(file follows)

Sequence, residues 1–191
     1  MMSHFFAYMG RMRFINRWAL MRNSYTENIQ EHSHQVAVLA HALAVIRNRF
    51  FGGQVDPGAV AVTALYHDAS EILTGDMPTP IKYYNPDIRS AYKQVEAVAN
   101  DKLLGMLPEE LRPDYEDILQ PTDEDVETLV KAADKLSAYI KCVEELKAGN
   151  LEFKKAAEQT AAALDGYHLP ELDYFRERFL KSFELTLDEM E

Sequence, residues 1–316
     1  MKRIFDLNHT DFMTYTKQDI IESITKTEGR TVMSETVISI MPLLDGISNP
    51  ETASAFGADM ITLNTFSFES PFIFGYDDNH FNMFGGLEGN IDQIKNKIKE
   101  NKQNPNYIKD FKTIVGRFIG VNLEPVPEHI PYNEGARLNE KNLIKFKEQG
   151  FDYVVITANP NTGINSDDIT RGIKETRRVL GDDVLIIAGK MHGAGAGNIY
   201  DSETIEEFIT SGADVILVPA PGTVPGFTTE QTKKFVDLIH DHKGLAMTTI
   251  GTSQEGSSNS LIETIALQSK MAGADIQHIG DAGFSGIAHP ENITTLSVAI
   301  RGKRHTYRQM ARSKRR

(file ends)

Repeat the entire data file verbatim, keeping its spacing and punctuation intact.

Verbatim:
Sequence, residues 1–191
     1  MMSHFFAYMG RMRFINRWAL MRNSYTENIQ EHSHQVAVLA HALAVIRNRF
    51  FGGQVDPGAV AVTALYHDAS EILTGDMPTP IKYYNPDIRS AYKQVEAVAN
   101  DKLLGMLPEE LRPDYEDILQ PTDEDVETLV KAADKLSAYI KCVEELKAGN
   151  LEFKKAAEQT AAALDGYHLP ELDYFRERFL KSFELTLDEM E

Sequence, residues 1–316
     1  MKRIFDLNHT DFMTYTKQDI IESITKTEGR TVMSETVISI MPLLDGISNP
    51  ETASAFGADM ITLNTFSFES PFIFGYDDNH FNMFGGLEGN IDQIKNKIKE
   101  NKQNPNYIKD FKTIVGRFIG VNLEPVPEHI PYNEGARLNE KNLIKFKEQG
   151  FDYVVITANP NTGINSDDIT RGIKETRRVL GDDVLIIAGK MHGAGAGNIY
   201  DSETIEEFIT SGADVILVPA PGTVPGFTTE QTKKFVDLIH DHKGLAMTTI
   251  GTSQEGSSNS LIETIALQSK MAGADIQHIG DAGFSGIAHP ENITTLSVAI
   301  RGKRHTYRQM ARSKRR